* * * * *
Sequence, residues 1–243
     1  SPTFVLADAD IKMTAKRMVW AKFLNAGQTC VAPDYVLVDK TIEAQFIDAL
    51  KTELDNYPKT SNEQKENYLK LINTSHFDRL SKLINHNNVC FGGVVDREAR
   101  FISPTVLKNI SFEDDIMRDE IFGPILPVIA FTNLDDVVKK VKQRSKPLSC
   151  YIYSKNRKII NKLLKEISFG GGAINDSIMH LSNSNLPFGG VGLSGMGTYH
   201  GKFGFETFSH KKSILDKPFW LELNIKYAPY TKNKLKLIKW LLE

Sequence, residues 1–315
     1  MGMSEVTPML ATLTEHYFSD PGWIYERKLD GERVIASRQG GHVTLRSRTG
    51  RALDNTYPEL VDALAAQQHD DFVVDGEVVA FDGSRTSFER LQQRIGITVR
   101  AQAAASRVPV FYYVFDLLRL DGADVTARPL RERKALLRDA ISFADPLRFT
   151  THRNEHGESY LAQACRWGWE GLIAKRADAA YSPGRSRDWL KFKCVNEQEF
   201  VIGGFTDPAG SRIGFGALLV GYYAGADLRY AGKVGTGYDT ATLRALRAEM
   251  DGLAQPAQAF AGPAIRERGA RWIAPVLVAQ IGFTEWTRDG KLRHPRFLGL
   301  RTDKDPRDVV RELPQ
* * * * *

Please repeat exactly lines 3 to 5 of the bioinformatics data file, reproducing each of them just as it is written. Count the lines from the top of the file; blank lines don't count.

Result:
    51  KTELDNYPKT SNEQKENYLK LINTSHFDRL SKLINHNNVC FGGVVDREAR
   101  FISPTVLKNI SFEDDIMRDE IFGPILPVIA FTNLDDVVKK VKQRSKPLSC
   151  YIYSKNRKII NKLLKEISFG GGAINDSIMH LSNSNLPFGG VGLSGMGTYH